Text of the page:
26 June 2013

A Short Break from the Kitchen Makeover

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Just for fun and to get out of the kitchen, I repainted one of my chairs that I keep on the porch.

I bought 2 of these at the thrift store a few years ago and haven't really done anything with them. And needless to say, something needed to be done. Poor thing.

So I sanded a bit to remove flaky paint, but I did not go through all 3 colors. I just made it somewhat smooth. Then painted it in this Fireberry paint from Valspar. It's a pretty color, I think.

And then I went out and bought a petunia. There were only 2 left, this one and a pinkish purple one. I was lucky to find one that gave good contrast with the chair.

Bright and cheerful!

22 June 2013

Kitchen Makeover Update

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I'm not sure where I left off, but I have finished putting all the beadboard wallpaper on the cabinet fronts. And since I can't make up my mind about paint and I'm tired of looking at the mess inside the cabinets, I decided to put the doors back on the cabinets.

I put a bunch of rope trim on too, but still have a few cabinets left to do. After putting it on and rehanging the doors I got a different perspective on the rope trim. I'm not sure I'm all that crazy about it. Sometimes when I look at it I really like it and sometimes I don't. So, I'm going to leave the cabinets the way they are for a few days and then decide to if I want to add the rest of the rope trim or take it all off.

Anyway, here is a shot of the bar area with rope trim and 2 coats of primer. It's kinda hard to look at it in this stage, all chalky. And, of course, after I get most of the rope trim attached, I wondering if I shouldn't have painted it first. C'est la vie.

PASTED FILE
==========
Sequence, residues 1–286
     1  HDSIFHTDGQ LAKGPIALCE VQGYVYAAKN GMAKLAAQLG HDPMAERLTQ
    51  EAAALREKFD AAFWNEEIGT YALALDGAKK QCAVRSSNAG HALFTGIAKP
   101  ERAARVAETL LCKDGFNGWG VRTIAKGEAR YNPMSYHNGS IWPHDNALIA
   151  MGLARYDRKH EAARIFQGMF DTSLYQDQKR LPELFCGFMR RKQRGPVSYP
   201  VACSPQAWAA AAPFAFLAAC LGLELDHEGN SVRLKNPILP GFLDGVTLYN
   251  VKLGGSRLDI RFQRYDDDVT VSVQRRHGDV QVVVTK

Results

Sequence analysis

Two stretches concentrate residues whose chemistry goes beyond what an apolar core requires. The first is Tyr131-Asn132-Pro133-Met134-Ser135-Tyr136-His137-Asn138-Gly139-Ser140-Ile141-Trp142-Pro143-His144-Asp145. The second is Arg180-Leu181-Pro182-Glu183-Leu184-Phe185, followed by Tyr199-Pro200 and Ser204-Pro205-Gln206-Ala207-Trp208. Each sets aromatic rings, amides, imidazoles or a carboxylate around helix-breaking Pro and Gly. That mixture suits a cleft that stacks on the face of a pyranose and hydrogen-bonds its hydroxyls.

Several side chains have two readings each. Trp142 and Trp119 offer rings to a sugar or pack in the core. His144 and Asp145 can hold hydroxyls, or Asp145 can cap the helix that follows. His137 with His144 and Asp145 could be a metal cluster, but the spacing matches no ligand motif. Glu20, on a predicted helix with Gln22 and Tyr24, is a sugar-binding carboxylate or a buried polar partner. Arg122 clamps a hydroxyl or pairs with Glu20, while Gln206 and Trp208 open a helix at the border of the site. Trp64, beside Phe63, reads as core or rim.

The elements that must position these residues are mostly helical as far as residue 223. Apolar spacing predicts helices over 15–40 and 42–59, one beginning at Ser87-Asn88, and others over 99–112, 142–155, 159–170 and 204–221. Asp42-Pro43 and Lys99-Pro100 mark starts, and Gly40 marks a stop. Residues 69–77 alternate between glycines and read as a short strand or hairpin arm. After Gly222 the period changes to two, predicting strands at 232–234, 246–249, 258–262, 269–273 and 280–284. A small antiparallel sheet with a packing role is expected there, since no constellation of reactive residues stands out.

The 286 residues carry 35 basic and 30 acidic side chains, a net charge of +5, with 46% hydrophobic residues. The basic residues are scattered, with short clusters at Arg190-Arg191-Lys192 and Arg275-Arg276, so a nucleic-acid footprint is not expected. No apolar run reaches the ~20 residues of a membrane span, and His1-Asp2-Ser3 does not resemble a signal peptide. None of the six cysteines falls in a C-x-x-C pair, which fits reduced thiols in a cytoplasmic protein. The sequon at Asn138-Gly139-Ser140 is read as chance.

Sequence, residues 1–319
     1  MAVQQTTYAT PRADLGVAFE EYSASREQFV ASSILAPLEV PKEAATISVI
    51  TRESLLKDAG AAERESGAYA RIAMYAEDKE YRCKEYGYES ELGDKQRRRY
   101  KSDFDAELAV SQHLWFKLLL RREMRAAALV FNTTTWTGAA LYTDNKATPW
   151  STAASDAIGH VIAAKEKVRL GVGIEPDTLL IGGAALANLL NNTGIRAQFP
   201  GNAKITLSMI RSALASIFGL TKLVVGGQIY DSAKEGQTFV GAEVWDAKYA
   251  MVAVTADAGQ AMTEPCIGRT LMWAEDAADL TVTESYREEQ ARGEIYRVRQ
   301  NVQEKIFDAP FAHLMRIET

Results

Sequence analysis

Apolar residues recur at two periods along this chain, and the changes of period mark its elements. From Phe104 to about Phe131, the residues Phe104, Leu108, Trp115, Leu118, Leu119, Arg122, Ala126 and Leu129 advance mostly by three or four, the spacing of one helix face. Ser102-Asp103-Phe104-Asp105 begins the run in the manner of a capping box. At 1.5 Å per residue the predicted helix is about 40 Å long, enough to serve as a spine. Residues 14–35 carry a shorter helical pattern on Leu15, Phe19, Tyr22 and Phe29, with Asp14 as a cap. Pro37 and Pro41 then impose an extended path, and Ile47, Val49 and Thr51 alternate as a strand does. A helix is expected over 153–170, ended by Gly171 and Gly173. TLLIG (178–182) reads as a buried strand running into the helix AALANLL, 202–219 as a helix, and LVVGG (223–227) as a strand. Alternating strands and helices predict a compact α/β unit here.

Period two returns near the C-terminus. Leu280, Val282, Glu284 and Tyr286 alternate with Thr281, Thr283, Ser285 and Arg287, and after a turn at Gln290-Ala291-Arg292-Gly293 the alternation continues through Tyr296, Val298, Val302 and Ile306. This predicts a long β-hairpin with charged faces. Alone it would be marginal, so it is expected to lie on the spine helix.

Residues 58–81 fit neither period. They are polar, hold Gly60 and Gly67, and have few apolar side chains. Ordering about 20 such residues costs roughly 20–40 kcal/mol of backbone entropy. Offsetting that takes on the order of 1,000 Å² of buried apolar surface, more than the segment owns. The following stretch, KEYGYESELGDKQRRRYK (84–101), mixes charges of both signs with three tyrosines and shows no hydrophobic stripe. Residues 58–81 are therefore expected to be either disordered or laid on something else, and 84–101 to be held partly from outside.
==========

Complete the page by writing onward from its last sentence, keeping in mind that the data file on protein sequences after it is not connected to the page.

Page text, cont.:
Today I started working on crown moulding. I added some to a couple cabinets. Here's the before picture:

Here you can see the cabinets with and without rope trim.

Anyway, I started by attaching 1x2 to the top of the cabinets.

I then started cutting the crown moulding. I am crown moulding cutting deficient. I wasted about half a piece of crown moulding trying to get the cuts right. %-(

I used a compound miter saw to make my cuts, I just couldn't wrap my head around which way to cut each piece. I finally figured out a way that I could understand it and everything was fine after that. 

It all has to do with the spring angle of your crown moulding and then setting your bevel and miter angles on the saw. And of course, putting your piece on the saw correctly. What a headache, but I got it now. Here's a link to an online calculator to help with all that.

And I finally got it up there, which was a comedy of errors in itself with no one to hold the other end. But I endeavored to persevere (one of my favorite lines from The Outlaw Josey Wales). I attached the moulding to the 1x2, making sure everything was level. 

Normally I would have filled the nail holes right away, but it's time for a nice long hot bath. I feel like I got beat up. Guess I'm getting too old for this kind of stuff!

The crown moulding looks like it's slanting downward on the right on the cabinet above the fridge, but it isn't. It's the cabinet doors that are wonky. 

Stay tuned, there's more to come. And if you have any suggestions for paint colors I'd love to hear it.

15 June 2013

Kitchen Cabinets Upgrade..........part 1

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My original plan was to put beadboard on the recesses of the cabinet doors, under the bar and at the ends of the lower cabinets. That sounded pretty doable. But when I got to really looking at how my cabinets were made and how thick beadboard is, I couldn't make it work the way I wanted.

Enter beadboard wallpaper. I had heard of it before, but not until I got a wonderful tip from one of my lovely Facebook friends did I realize that it could be painted!!! And I was happy again!

I immediately ordered some. I chose the wallpaper from Graham & Brown, but I have read that Lowe's carries one as well.